Is interim recruitment the same as hiring a contractor?

5 min

When businesses look for recruitment services to help overcome their immediate internal skil...

When businesses look for recruitment services to help overcome their immediate internal skills gaps and lack of talent resources, many need help finding a solution best suited to their needs. However, many don't realise that support to assist with temporary staff shortages exists, regardless of the company size. This instantaneous support comes in the form of contract and interim recruitment. But what does this mean? Is interim recruitment the same as hiring a contractor?

In this blog, we will answer this question and help you understand why you should consider hiring a contractor or interim employee.

What’s the difference between contractors and interim staff?

Although contractors share many similarities to interim employees, especially in how they can benefit your business, there is a key way of distinguishing the difference between an interim hire and a contractor.

Interim staff are typically brought in to cover managerial and senior positions, whereas contractors are commonly acquired for the specific skills they can bring to a project. 

When you outsource your project work to a contractor or hire interim staff to support your senior management shortages, the contract employee or interim manager will work not for but on behalf of your business. As neither are official employees, you are not required to provide them with annual leave pay, sick pay, national insurance, and any company benefits your permanent employees would receive. Aspects like taxes would be covered by the individual you acquire or from the company where your contractor or interim hire was sourced. 

Let’s explore more about the criteria that separate the two.

What is contract recruitment?

Contract recruitment solutions allow businesses to take on a contractor to fill a specific skills gap within a team, support projects and assignments where further headcount is needed, assist through a busy period, or cover absences within the organisation. 

A contract employee will be sourced by a contract recruitment agency or a company's internal talent acquisition team and will lend their services to the business for the duration of the fixed-term contract. At the end of the fixed-term agreement, the company could put the contractor on a rolling engagement and utilise their services on a frequent basis. 

What is interim recruitment? 

Interim recruitment services are similar to contract recruitment because you're bringing a highly-skilled professional into your business. Although interim managers are brought in for their niche expertise, they are also hired to manage a team or project from start to finish. 

Similarly to hiring a contractor, an interim hire can be made through the support of a recruitment agency or an internal hiring team. Businesses typically acquire the services of an interim manager to assist with overseeing increased workloads, fill an interim departure at a senior level, or support an existing management team.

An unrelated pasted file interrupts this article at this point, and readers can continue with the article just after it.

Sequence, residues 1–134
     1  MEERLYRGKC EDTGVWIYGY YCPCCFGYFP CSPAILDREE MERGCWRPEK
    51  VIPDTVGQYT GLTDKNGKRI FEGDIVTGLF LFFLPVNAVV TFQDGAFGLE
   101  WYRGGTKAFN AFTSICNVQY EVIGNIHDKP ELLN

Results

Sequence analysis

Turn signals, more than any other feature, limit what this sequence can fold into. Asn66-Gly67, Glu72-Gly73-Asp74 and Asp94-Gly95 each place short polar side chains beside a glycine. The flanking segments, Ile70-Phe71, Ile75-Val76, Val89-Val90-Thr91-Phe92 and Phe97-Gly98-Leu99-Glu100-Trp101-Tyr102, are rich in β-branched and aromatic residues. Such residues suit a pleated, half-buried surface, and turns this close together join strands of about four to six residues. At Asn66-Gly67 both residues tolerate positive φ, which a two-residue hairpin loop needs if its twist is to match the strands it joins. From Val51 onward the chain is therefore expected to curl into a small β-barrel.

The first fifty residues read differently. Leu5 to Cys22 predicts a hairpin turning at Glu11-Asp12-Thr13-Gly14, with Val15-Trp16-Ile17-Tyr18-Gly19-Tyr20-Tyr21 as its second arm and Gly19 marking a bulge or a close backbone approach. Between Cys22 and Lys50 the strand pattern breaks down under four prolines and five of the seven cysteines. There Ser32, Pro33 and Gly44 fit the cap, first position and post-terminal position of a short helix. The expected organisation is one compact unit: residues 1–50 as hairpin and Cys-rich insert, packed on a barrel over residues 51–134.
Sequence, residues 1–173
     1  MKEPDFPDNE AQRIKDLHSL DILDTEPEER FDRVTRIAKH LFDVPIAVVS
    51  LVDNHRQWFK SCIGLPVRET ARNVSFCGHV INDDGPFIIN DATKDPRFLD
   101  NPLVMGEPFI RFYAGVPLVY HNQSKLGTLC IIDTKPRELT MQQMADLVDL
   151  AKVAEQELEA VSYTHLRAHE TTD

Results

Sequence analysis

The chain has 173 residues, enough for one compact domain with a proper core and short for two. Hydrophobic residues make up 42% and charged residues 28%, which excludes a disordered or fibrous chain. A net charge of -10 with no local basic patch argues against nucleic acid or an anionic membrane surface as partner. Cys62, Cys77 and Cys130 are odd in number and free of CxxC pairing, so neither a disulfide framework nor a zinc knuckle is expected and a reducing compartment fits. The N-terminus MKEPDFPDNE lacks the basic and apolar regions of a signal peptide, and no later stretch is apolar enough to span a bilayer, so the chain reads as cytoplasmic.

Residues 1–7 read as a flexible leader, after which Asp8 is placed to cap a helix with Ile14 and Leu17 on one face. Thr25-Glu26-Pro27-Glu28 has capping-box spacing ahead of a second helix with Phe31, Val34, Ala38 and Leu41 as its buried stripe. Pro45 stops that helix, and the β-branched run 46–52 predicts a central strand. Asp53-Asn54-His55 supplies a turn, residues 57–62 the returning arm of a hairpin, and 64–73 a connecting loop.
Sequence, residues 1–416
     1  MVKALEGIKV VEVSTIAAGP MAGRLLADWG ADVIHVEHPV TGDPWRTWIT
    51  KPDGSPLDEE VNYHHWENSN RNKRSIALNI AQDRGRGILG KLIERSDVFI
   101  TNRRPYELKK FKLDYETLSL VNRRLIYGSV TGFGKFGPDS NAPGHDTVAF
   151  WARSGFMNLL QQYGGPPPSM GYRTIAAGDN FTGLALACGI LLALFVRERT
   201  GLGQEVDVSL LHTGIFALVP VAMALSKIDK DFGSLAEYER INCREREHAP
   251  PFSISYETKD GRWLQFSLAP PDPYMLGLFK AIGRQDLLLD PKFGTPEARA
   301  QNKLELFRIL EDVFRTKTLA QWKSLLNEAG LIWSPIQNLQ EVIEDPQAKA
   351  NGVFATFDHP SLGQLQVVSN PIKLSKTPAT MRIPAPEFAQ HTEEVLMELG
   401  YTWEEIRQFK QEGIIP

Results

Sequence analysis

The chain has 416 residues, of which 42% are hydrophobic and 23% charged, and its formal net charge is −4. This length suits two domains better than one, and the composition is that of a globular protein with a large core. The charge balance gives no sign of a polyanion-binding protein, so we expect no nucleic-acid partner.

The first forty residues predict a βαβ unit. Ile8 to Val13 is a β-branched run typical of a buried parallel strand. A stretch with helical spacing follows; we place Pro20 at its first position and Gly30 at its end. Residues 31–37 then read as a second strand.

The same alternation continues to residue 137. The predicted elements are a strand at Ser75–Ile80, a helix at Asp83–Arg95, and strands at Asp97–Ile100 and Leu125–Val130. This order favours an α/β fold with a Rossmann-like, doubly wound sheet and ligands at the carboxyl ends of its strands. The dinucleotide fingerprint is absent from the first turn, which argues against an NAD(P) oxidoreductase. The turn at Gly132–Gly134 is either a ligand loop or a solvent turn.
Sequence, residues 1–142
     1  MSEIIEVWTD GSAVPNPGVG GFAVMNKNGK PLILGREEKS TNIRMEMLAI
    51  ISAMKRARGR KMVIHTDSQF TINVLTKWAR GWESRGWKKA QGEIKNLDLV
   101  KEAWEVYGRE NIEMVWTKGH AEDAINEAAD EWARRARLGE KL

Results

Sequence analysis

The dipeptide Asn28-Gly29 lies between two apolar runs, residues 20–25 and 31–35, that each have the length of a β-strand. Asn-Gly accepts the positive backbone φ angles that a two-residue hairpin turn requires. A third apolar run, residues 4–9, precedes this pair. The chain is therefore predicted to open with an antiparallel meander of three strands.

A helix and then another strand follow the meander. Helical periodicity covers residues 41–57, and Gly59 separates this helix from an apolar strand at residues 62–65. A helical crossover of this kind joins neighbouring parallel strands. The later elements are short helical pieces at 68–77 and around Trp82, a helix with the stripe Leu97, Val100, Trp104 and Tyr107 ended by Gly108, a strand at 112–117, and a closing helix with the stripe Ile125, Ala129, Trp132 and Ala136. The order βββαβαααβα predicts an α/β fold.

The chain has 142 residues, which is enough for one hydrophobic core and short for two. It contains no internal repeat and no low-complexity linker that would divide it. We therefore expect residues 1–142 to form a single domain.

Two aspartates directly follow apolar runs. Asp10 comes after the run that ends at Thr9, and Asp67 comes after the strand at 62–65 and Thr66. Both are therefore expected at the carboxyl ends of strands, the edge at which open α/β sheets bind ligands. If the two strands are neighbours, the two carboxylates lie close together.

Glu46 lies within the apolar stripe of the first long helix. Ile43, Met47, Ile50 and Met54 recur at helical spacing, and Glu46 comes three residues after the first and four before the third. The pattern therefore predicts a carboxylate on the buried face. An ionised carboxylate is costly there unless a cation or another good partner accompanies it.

For example, they could be acquired during a digital transformation project. Here, they could assess the current skills, teams, channels and strategies a business uses and plan ways to help them achieve their goals more effectively. They may not necessarily manage an existing team but could help build new ones. Ultimately, the role is much more advisory due to their wealth of expertise in running change programmes, which the business may not have internally.

Why should you consider hiring a contractor or interim employee?

Now we've established the difference between interim and contract recruitment, the next important question around hiring a contractor or interim employee is, why should you consider hiring a contractor or interim employee? To answer this question and help you better determine if a contract employee or interim staff would help you overcome your recruitment challenges, we've created a list of five reasons why you should utilise the services of contractors and interim managers.

Although there are ways to differentiate contractors and interim employees, the benefits they can bring to your business to support your hiring needs are interchangeable. So, let's explore these five benefits and show you why you should consider hiring a contractor or interim employee.

1. Contractors and interim staff can cover absences

In today's world of work, it is more common and acceptable for employees to request time off, regardless of their level. From maternity and paternity leave to taking time off due to illness or sabbaticals, absences within your team can and inevitably will happen. But, of course, if you have projects to complete and clients to support, these absences can't hinder or stop you from running your business.

Thankfully contractors and interim hires can be the solution you need to help cover absences within your team. For example, suppose one of your trusted Business Analysts was off sick, but you knew they were due to return within a set timeframe. In that case, you could hire a contractor to fill the temporary skills gap within your business until your permanent employee returns from their absence.

Similarly, suppose your Senior Marketing Manager was going on maternity leave, but you intended to keep them on permanently when they were ready to return. In this scenario, you could hire an interim Marketing Manager to cover the absence period, allowing your campaigns and strategies to continue without setbacks.  

2. An interim hire and contractor can make an immediate impact